Surrey Docks Farm, Rotherhithe

(Image credit: puparchitects.com)

The next big thing for them is the ongoing Cody Dock Community Centre project, a new community centre constructed from hempcrete and timber for Cody Dock in Newham. Pup, here again, are developing ways for architecture to create a dialogue and support the local community, while remaining respectful to the natural environment as well as the multi-layered existing context. A common thread in their socially and environmentally friendly approach slowly and steadily becomes apparent. 

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(Image credit: puparchitects.com)

Achieving their goals, of course, also takes the right client. ‘In the UK there is still quite a lot of conservatism around architecture and ideas about what it should be,' they say. ‘If you look to other countries, architecture often has a much greater plurality. Clients can be very risk-averse and this diminishes the lack of opportunities for young practices. There is a real breadth of young talented architects with a diversity of approaches who are often overlooked in favour of established practices. And there is still a real disparity when it comes to representation of minorities and women in the field.'

Their hope is that in the not-too-distant future, architects will be able to input more on societal issues and have a positive and useful contribution to solving problems, from housing to the climate crisis and inequality. 

The dynamic trio has been busy through the pandemic and has plenty of plans and ambitions for the future. They have been redesigning their website, pitching and designing on all scales, while trying to remain true to their vision. ‘In general we are interested in architecture’s role in enriching social and cultural life,' they add. ‘So far, this is embodied in our projects with charities and community-led organisations such as Surrey Docks Farm and Cody Dock. However we do have a much broader ambition to work on positively impactful public-facing projects, which might include work with museums, fashion, housing, workspaces.'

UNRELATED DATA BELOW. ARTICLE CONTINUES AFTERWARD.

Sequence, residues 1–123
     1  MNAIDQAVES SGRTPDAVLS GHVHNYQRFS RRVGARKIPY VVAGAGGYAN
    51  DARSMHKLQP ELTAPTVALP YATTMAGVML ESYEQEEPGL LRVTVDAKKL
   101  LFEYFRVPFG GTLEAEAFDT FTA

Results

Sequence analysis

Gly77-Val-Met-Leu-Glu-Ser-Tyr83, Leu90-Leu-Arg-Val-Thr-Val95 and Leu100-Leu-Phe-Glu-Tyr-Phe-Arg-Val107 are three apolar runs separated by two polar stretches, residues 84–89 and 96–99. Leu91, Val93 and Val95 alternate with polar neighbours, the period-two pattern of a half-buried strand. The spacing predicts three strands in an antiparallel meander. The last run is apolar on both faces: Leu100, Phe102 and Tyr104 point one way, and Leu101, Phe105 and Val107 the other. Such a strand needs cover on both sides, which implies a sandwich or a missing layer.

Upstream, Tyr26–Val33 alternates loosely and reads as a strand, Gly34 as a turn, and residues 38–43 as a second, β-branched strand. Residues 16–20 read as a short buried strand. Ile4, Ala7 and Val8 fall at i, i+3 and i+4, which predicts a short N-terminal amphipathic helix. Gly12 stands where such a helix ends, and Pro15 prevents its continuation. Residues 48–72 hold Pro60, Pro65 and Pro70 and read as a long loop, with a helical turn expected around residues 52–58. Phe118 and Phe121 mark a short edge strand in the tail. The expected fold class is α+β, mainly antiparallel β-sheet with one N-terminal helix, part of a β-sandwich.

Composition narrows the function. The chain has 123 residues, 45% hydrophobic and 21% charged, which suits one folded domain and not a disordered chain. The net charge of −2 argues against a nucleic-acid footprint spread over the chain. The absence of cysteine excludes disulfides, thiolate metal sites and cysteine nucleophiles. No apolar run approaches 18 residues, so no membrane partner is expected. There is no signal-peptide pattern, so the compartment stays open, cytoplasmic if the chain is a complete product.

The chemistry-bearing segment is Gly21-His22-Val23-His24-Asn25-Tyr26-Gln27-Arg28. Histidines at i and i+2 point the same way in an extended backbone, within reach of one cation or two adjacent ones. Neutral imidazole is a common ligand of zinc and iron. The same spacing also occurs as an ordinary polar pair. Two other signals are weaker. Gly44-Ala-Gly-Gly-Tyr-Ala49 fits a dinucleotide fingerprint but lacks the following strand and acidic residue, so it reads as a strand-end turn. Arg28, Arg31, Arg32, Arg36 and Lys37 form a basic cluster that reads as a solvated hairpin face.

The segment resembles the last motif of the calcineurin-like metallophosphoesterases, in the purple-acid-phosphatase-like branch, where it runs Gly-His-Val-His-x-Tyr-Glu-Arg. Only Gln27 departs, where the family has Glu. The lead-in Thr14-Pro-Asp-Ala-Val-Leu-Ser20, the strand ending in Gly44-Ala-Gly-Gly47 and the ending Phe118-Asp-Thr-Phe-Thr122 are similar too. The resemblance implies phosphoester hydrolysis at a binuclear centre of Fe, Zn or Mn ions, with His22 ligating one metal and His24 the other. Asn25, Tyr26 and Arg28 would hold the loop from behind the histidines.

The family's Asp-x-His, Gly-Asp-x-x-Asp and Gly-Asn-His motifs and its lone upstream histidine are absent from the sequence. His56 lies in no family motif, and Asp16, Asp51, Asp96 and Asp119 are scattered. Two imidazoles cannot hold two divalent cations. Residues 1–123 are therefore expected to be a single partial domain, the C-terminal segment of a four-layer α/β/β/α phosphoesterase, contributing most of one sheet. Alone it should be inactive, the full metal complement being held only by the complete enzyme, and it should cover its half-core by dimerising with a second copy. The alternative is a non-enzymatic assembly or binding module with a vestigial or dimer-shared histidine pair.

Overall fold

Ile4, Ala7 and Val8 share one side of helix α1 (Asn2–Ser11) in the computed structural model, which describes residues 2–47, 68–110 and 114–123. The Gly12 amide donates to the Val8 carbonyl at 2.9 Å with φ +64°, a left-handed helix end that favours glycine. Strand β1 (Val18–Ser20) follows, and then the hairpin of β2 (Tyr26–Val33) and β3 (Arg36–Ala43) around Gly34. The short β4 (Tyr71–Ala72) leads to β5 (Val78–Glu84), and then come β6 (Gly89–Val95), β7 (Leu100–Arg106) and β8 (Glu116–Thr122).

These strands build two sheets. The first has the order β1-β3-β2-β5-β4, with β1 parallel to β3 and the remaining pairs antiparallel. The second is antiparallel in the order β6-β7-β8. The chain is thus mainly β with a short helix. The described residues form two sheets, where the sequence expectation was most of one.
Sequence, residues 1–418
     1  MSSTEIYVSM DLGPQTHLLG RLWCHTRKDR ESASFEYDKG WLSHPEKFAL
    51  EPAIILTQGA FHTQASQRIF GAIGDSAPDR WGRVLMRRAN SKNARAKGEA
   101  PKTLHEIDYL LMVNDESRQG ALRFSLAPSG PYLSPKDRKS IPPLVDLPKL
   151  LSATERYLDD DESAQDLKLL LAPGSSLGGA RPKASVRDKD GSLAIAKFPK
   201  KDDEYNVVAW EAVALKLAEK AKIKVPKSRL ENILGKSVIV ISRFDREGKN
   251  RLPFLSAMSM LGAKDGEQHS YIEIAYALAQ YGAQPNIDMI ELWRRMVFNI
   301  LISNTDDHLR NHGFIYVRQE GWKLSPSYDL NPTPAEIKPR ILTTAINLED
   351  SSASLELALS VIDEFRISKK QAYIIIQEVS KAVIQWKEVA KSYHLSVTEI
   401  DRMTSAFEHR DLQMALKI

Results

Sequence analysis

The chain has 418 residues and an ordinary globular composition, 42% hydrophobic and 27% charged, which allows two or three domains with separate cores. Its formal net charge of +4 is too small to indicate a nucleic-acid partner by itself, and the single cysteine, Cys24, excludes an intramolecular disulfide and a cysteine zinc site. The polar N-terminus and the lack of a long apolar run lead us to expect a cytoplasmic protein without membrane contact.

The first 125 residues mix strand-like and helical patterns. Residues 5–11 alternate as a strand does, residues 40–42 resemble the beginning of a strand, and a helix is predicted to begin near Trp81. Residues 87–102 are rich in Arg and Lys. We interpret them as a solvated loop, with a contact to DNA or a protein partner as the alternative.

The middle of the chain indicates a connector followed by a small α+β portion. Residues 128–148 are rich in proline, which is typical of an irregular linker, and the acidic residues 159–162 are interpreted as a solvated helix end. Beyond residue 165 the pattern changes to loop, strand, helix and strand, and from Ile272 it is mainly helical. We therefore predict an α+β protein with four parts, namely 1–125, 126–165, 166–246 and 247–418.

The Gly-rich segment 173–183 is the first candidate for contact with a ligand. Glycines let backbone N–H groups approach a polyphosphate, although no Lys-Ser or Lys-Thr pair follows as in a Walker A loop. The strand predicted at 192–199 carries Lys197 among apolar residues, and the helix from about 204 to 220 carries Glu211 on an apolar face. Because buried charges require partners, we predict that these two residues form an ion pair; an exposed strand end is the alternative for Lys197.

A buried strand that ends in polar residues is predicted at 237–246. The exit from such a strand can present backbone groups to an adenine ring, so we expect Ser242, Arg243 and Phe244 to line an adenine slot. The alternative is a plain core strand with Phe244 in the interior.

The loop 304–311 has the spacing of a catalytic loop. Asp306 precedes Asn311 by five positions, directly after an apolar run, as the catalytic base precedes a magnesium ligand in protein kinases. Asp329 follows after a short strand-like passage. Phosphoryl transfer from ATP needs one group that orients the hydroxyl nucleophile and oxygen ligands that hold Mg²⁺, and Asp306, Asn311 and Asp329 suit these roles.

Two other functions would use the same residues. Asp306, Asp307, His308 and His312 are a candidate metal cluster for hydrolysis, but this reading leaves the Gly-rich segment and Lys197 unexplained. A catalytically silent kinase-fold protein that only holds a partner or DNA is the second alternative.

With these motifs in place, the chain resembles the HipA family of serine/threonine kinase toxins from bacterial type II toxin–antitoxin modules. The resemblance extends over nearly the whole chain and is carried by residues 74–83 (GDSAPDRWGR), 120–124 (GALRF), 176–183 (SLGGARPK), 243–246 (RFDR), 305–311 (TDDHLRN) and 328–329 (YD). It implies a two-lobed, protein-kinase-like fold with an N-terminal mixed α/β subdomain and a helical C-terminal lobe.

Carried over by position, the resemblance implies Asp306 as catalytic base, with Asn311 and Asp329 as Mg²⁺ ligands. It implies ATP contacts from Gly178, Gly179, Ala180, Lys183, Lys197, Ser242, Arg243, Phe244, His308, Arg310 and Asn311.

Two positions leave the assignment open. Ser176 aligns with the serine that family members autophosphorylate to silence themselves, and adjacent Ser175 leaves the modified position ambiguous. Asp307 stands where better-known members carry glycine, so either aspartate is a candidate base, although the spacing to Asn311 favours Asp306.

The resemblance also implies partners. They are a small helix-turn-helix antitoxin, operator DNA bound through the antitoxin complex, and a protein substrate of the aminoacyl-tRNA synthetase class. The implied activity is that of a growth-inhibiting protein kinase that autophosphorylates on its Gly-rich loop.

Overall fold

Surrey Docks Farm, Rotherhithe, interior

Surrey Docks Farm, Rotherhithe, 2020

(Image credit: puparchitects.com)

CDCC community centre, Newham

CDCC community centre, Newham, ongoing

(Image credit: puparchitects.com)

CDCC community centre, Newham, pup architects

CDCC community centre, Newham, ongoing

(Image credit: puparchitects.com)

The Antepavilion

The Antepavilion, 2017

(Image credit: puparchitects.com)

Floor lamps for the Delfina Foundation

Floor lamps for the Delfina Foundation, 2019

(Image credit: puparchitects.com)

INFORMATION

puparchitects.com (opens in new tab)

Ellie Stathaki is the Architecture Editor at Wallpaper*. She trained as an architect at the Aristotle University of Thessaloniki in Greece and studied architectural history at the Bartlett in London. Now an established journalist, she has been a member of the Wallpaper* team since 2006, visiting buildings across the globe and interviewing leading architects such as Tadao Ando and Rem Koolhaas. Ellie has also taken part in judging panels, moderated events, curated shows and contributed in books, such as The Contemporary House (Thames & Hudson, 2018) and Glenn Sestig Architecture Diary (2020).